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MPLS

BASIC CONCEPTS OF MPLS


CONTENTS

 Drawbacks of Traditional IP
Forwarding
 Basic MPLS Concepts
 MPLS versus IP over ATM
 Traffic Engineering with MPLS
 MPLS Architecture
 MPLS Labels
 Label Switch Routers
Drawbacks of Traditional IP Forwarding
 Routing protocols are used to distribute
Layer 3 routing information.
 Forwarding is based on the destination
address only.
 Routing lookups are performed on every
hop.
Drawbacks of Traditional IP Forwarding (Cont.)
Traditional IP Forwarding

 Every router may need full Internet routing information (more


than 100,000 routes).
Drawbacks of Traditional IP Forwarding (Cont.)
Traditional IP Forwarding

 Every router may need full Internet routing information (more


than 100,000 routes).
 Destination-based routing lookup is needed on every hop.
Drawbacks of Traditional IP Forwarding
(Cont.)
IP over ATM

 Layer 2 devices have no knowledge of Layer 3 routing


information—virtual circuits must be manually established.
Drawbacks of Traditional IP Forwarding
(Cont.)
IP over ATM

 Layer 2 devices have no knowledge of Layer 3 routing information


—virtual circuits must be manually established.
 Layer 2 topology may be different from Layer 3 topology, resulting
in suboptimal paths and link use.
 Even if the two topologies overlap, the hub-and-spoke topology is
usually used because of easier management.
Drawbacks of Traditional IP Forwarding
(Cont.)
Traffic Engineering

 Most traffic goes between large sites A and B, and uses only the primary
link.
 Destination-based routing does not provide any mechanism for load
balancing across unequal paths.
 Policy-based routing can be used to forward packets based on other
parameters, but this is not a scalable solution.
Basic MPLS Concepts
 MPLS is a new forwarding mechanism in which
packets are forwarded based on labels.
 Labels usually correspond to IP destination
networks (equal to traditional IP forwarding).
 Labels can also correspond to other parameters,
such as QoS or source address.
 MPLS was designed to support forwarding of other
protocols as well.
Basic MPLS Concepts (Cont.)
Example
Basic MPLS Concepts (Cont.)
Example

• Only edge routers must perform a routing lookup.


Basic MPLS Concepts (Cont.)
Example

• Only edge routers must perform a routing lookup.


• Core routers switch packets based on simple label lookups and swap
labels.
MPLS versus IP over ATM

 Layer 2 devices are IP-aware and run a routing


protocol.
MPLS Versus IP over ATM

• Layer 2 devices are IP-aware and run a routing protocol.


• There is no need to manually establish virtual circuits.
MPLS Versus IP over ATM

• Layer 2 devices are IP-aware and run a routing protocol.


• There is no need to manually establish virtual circuits.
• MPLS provides a virtual full-mesh topology.
Traffic Engineering with MPLS

 Traffic can be forwarded based on other parameters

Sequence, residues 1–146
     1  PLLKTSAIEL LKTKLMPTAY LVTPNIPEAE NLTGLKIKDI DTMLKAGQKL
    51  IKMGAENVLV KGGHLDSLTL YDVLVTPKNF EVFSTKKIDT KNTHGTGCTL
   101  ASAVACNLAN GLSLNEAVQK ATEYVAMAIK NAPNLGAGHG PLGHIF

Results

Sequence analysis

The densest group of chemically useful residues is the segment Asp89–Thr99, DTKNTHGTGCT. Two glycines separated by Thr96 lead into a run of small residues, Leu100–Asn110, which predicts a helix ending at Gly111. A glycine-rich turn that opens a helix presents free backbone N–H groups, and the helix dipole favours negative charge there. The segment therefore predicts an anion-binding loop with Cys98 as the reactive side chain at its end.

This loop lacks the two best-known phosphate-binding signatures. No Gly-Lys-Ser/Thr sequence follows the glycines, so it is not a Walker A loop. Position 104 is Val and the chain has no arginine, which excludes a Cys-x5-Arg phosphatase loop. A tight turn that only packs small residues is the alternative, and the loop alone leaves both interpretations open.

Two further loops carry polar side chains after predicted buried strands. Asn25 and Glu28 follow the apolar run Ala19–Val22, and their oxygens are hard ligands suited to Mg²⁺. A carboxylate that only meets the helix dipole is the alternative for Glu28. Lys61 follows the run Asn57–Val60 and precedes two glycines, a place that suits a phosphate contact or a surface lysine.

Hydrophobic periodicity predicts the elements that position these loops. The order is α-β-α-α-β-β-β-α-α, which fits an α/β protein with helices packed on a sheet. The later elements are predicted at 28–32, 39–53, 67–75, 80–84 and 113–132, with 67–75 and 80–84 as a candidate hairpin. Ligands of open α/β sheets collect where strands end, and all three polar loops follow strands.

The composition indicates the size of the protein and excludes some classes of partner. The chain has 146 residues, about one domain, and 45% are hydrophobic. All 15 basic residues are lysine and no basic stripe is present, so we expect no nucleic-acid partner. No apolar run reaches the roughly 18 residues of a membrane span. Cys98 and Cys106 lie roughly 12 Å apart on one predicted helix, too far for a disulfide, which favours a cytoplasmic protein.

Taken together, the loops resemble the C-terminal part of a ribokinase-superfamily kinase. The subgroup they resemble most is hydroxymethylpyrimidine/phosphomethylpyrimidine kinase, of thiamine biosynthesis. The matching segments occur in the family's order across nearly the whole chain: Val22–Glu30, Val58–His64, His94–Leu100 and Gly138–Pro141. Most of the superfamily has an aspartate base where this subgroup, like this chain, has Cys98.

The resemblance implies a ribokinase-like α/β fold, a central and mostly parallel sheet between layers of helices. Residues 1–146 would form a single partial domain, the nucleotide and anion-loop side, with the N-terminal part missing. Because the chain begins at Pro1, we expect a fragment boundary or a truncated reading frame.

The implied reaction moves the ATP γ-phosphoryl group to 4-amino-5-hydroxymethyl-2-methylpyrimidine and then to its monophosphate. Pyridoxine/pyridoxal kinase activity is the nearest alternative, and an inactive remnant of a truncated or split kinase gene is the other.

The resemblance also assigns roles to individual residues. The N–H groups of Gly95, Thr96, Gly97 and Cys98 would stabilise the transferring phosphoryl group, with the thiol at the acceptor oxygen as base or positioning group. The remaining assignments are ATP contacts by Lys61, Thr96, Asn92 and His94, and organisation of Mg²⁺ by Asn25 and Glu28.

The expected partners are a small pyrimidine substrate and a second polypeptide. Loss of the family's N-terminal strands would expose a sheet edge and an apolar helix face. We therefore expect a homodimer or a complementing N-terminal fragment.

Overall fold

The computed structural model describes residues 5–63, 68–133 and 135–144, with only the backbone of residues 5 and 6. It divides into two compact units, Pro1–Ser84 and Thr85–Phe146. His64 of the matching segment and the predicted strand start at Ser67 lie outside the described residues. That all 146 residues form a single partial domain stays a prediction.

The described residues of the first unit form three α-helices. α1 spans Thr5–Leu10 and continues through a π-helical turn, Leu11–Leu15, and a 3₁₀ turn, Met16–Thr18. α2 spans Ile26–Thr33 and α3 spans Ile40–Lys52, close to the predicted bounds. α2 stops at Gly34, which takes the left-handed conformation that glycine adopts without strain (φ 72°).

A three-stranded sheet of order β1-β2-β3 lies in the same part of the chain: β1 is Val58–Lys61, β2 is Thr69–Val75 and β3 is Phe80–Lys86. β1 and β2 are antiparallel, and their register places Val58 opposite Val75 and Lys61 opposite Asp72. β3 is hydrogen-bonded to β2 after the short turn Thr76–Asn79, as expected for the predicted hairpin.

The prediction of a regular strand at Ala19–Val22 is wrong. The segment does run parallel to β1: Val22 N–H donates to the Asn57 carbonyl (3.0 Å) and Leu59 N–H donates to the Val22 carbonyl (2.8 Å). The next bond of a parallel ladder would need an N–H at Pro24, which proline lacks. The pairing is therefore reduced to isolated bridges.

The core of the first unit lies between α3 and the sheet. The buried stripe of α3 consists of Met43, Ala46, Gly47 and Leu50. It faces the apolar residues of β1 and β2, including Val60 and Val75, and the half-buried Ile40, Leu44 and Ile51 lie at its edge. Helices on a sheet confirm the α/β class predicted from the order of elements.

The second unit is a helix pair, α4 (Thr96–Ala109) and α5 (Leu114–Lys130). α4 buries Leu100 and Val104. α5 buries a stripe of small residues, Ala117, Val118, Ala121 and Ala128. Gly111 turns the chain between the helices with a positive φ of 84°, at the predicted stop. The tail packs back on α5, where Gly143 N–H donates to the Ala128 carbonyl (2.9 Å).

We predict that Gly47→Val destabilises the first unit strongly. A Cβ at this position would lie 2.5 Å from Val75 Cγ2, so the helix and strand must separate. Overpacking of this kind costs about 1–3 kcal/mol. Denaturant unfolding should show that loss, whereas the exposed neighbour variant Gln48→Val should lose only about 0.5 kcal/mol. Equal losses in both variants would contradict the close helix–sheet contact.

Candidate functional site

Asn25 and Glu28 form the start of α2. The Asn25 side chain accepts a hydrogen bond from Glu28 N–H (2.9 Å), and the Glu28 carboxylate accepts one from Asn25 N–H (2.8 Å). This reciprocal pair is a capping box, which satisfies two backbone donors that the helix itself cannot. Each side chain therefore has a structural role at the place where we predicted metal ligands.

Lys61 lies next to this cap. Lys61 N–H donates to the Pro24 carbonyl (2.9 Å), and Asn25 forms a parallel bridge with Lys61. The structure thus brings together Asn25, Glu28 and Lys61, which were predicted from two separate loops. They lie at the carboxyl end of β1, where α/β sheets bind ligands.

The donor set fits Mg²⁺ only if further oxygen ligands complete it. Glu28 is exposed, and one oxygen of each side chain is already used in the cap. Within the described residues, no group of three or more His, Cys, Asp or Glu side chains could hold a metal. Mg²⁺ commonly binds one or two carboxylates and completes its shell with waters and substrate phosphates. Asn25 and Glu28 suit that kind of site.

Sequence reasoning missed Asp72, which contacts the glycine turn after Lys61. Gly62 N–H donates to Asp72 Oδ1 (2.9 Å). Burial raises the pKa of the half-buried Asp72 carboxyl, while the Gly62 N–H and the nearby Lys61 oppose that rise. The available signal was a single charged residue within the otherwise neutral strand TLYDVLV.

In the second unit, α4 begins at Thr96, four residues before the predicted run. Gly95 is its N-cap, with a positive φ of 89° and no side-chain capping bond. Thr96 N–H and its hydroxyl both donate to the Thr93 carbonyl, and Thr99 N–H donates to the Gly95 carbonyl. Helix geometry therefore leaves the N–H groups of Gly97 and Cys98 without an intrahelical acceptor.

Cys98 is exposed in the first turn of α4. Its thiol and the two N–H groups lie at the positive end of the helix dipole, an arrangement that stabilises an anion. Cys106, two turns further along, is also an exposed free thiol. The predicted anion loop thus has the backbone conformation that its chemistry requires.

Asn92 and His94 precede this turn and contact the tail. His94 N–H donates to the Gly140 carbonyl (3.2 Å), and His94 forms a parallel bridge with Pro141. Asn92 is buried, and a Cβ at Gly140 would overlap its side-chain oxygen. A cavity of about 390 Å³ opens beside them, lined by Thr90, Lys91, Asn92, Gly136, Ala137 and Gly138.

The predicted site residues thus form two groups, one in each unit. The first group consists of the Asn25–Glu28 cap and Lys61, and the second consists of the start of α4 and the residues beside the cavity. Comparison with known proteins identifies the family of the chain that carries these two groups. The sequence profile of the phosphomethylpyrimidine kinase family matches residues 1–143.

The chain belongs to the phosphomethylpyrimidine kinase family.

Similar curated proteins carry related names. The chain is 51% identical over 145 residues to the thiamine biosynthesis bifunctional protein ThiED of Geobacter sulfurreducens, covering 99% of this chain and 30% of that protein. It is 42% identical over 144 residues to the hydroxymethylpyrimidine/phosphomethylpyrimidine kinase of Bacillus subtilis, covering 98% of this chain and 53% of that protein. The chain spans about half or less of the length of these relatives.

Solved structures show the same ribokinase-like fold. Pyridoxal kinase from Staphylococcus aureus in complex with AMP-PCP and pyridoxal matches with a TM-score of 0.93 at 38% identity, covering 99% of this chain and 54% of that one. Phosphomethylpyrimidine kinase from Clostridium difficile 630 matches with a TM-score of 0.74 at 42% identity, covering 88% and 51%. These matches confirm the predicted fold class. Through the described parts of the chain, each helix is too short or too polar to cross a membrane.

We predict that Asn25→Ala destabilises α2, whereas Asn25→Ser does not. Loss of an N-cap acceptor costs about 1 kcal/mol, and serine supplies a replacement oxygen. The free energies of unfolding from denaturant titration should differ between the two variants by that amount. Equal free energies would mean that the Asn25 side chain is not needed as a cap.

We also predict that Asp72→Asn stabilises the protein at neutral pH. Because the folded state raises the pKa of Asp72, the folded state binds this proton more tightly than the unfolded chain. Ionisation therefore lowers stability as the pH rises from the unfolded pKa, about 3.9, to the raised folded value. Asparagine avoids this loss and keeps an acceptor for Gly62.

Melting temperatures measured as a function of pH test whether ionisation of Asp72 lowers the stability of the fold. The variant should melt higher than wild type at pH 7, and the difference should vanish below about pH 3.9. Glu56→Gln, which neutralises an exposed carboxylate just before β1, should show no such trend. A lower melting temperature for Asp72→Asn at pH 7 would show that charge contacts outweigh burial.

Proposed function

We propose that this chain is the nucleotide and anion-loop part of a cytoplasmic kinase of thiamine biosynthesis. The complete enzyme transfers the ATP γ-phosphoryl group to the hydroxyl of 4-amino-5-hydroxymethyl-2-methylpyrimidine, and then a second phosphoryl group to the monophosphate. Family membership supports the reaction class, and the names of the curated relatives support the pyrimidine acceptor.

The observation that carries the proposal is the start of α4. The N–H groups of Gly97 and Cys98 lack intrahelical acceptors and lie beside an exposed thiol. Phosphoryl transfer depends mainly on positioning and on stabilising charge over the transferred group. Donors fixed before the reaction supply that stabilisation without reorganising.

(QoS, source, ...).
 Load sharing across unequal paths can be achieved.
MPLS Architecture
 MPLS has two major components:
 Control plane: Exchanges Layer 3 routing
information and labels
 Data plane: Forwards packets based on labels
 Control plane contains complex mechanisms to
exchange routing information, such as OSPF,
EIGRP, IS-IS, and BGP, and to exchange labels, such
as TDP, LDP, BGP, and RSVP.
 Data plane has a simple forwarding engine.
MPLS Architecture (Cont.)

 Router functionality is divided into two major parts:


control plane and data plane
MPLS Architecture (Cont.)

 Router functionality is divided into two major parts:


control plane and data plane
MPLS Architecture (Cont.)

 Router functionality is divided into two major parts:


control plane and data plane
MPLS Architecture (Cont.)

 Router functionality is divided into two major parts:


control plane and data plane
MPLS Architecture (Cont.)

 Router functionality is divided into two major parts:


control plane and data plane
MPLS Labels
 MPLS technology is intended to be used anywhere
regardless of Layer 1 media and Layer 2 protocol.
 MPLS uses a 32-bit label field that is inserted
between Layer 2 and Layer 3 headers
MPLS Labels (Cont.)
Label Format

 MPLS uses a 32-bit label field that contains the


following information:
 20-bit label
 3-bit experimental field
 1-bit bottom-of-stack indicator
 8-bit TTL field
MPLS Label Stack

 Protocol identifier in a Layer 2 header


specifies that the payload starts with a label
(labels) and is followed by an IP header.
 Bottom-of-stack bit indicates whether the
next header is another label or a Layer 3
header.
 Receiving router uses the top label only.
MPLS Label Stack (Cont.)

 Usually only one label is assigned to a packet.


 The following scenarios may produce more
than one label:
 MPLS VPNs (two labels: The top label points to the egress
router and the second label identifies the VPN.)
 MPLS TE (two or more labels: The top label points to the
endpoint of the traffic engineering tunnel and the second
label points to the destination.)
 MPLS VPNs combined with MPLS TE (three or more
labels.)
MPLS Labels (Cont.)
MPLS Labels (Cont.)
Label Switch Routers

 LSR primarily forwards labeled packets (label


swapping).
 Edge LSR primarily labels IP packets and forwards
them into the MPLS domain, or removes labels and
forwards IP packets out of the MPLS domain.
Label Switch Routers (Cont.) Architecture
of LSRs

LSRs, regardless of the type, perform these


functions:
 Exchange routing information
 Exchange labels
 Forward packets

 The first two functions are part of the control plane.


 The last function is part of the data plane.
Label Switch Routers (Cont.) Architecture
of LSRs (Cont.)
Label Switch Routers (Cont.) Architecture
of Edge LSRs
Review
 Drawbacks of Traditional IP Routing
 Basic MPLS Concepts
 MPLS Versus IP over ATM
 Traffic Engineering with MPLS
 MPLS Architecture
 MPLS Labels
 Label Switch Routers